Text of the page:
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 Carreg Plas Quarry

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Carreg Plas Quarry

‘For monumental work this stone will take its place in the front rank, and be a credit to Wales.’ 

 

Capten Trevethan , The Stone Trade Journal, 1904 

Carreg Plas Quarry is located near Carmel. It was Captain J Trevethan that discovered the precious stone was indeed jasper, and the quarry officially opened in 1904. The local inhabitants probably didn’t realise that they were treading on such natural wealth, thinking that the unique landscape beneath them was nothing more than some red granite. 

It was the first time ever that jasper was discovered in the British Isles. At the time it was thought that most of the supply came from Egypt and India. This discovery on Mynydd Carreg was an important milestone. 

As you walk around the area surrounding Plas Carmel, with a closer look, you might begin to notice the distinctive red tones of the jasper stone running deep through the land. You might notice it lurking on walls and banks as you wander the roads – or even on beaches at the end of the peninsula.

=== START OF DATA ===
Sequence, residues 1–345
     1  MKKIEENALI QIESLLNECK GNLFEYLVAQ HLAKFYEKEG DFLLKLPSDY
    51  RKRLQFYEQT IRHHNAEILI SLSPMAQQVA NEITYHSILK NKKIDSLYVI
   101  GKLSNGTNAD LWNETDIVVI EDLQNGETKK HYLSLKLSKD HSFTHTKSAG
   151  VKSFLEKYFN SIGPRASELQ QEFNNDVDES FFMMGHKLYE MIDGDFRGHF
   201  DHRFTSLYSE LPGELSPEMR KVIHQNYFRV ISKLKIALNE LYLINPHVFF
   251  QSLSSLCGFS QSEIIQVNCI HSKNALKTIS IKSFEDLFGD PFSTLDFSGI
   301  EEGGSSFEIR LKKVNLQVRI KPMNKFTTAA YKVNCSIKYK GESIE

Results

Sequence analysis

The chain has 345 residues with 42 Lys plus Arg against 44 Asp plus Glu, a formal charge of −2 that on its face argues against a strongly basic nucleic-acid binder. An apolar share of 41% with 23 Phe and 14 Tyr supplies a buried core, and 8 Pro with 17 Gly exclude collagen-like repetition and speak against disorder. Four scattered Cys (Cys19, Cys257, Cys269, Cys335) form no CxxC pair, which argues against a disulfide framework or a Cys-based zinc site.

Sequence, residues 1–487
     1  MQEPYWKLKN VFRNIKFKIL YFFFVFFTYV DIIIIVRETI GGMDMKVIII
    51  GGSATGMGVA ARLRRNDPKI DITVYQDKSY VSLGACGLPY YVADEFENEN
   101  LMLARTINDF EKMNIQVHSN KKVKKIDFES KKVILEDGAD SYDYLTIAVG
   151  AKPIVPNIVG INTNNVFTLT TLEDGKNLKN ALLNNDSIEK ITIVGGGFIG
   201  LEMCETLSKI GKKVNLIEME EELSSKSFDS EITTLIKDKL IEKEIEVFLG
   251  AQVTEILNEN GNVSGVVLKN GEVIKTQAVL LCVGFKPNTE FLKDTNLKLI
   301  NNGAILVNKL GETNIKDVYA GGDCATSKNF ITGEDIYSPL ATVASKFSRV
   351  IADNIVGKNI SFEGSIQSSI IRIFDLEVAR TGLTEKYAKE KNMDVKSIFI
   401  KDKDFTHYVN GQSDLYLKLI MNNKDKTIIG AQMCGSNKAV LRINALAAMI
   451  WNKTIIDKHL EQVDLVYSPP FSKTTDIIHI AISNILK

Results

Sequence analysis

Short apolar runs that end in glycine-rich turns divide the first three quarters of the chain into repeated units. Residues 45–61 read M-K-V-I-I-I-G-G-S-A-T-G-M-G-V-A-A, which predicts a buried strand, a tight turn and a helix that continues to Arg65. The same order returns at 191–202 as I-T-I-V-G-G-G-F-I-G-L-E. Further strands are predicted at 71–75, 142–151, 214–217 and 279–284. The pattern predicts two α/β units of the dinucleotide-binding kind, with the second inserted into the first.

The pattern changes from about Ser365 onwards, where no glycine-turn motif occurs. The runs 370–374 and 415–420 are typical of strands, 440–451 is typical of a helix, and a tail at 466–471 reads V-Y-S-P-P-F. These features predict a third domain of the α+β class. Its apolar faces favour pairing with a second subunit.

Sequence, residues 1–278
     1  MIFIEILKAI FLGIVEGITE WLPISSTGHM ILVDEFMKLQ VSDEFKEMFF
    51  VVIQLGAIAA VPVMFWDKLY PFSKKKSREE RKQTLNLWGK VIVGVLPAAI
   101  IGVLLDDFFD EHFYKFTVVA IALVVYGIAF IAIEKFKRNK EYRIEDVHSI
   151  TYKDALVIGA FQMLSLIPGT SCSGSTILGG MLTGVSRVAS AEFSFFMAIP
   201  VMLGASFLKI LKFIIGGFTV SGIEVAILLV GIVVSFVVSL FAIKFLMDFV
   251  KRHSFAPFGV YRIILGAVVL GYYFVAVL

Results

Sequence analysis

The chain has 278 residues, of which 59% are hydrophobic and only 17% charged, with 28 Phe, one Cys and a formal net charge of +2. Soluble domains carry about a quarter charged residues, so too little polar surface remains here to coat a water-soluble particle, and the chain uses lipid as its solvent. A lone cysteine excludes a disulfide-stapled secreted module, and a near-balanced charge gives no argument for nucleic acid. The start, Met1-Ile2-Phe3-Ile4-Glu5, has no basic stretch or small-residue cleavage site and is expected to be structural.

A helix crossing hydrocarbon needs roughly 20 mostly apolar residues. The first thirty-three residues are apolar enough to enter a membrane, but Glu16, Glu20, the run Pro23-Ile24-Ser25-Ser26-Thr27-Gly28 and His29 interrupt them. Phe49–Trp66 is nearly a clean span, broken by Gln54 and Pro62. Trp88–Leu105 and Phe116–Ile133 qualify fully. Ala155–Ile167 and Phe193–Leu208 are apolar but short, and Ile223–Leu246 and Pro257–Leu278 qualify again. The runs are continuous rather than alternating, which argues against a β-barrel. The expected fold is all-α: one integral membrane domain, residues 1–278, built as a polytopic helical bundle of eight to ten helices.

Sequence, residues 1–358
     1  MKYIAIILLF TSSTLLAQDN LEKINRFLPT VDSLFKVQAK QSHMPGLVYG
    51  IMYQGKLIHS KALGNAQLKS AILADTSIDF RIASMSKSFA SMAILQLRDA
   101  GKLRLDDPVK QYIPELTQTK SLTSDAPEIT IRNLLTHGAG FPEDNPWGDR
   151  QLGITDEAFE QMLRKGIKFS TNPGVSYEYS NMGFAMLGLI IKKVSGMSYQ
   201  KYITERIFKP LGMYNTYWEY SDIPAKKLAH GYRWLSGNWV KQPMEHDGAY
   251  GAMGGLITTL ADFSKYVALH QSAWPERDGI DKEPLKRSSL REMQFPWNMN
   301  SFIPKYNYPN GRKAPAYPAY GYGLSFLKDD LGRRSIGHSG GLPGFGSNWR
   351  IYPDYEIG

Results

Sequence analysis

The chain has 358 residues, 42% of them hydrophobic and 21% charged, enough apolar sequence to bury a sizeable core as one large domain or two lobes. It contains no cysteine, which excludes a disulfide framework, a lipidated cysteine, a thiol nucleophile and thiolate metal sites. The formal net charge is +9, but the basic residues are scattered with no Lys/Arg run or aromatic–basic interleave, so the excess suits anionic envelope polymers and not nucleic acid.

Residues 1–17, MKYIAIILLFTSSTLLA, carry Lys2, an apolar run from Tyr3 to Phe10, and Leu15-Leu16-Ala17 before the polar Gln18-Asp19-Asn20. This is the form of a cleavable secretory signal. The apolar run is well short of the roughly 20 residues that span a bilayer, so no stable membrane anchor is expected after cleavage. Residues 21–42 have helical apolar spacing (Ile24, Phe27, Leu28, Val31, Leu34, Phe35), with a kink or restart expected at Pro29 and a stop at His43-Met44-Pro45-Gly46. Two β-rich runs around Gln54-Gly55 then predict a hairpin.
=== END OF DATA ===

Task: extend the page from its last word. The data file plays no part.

The colour and character of this stone has become one of the inspirations for Plas Carmel’s identity.

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The site itself was about 450 acres, stretching for 4 miles along the coastline and rich in minerals. Captain Trevethan described the jasper as 'islands rising from the sea, a sight to be admired, even in its rough state'.

It was clear that the quarry had far-reaching potential as an industry.

 

The Welsh Jasper was advertised to demonstrate that the stone was one of the strongest and hardest to exist - about five times stronger than granite. There was excitement in the world of architecture and a number of architects showed an interest because of its combination of strength and magnificent colour which made it ideal for construction. 

There was confidence that Carreg Plas jasper would claim its place in the buildings of the future. 

 

It’s no surprise that Carreg Plas jasper was chosen for a building on one of London’s most famous streets. Norwich Union’s West End branch had moved into a new, grand building on the corner of Piccadilly and St James’s street.

 

It officially opened in 1908 and was described in the staff magazine as

 

“one of the most important sites in the West End of London” and “one of the handsomest buildings in the district being faced with jasper and helitrope, a unique form of embellishment, supplemented with bronze statuary of imposing and chaste design”. 

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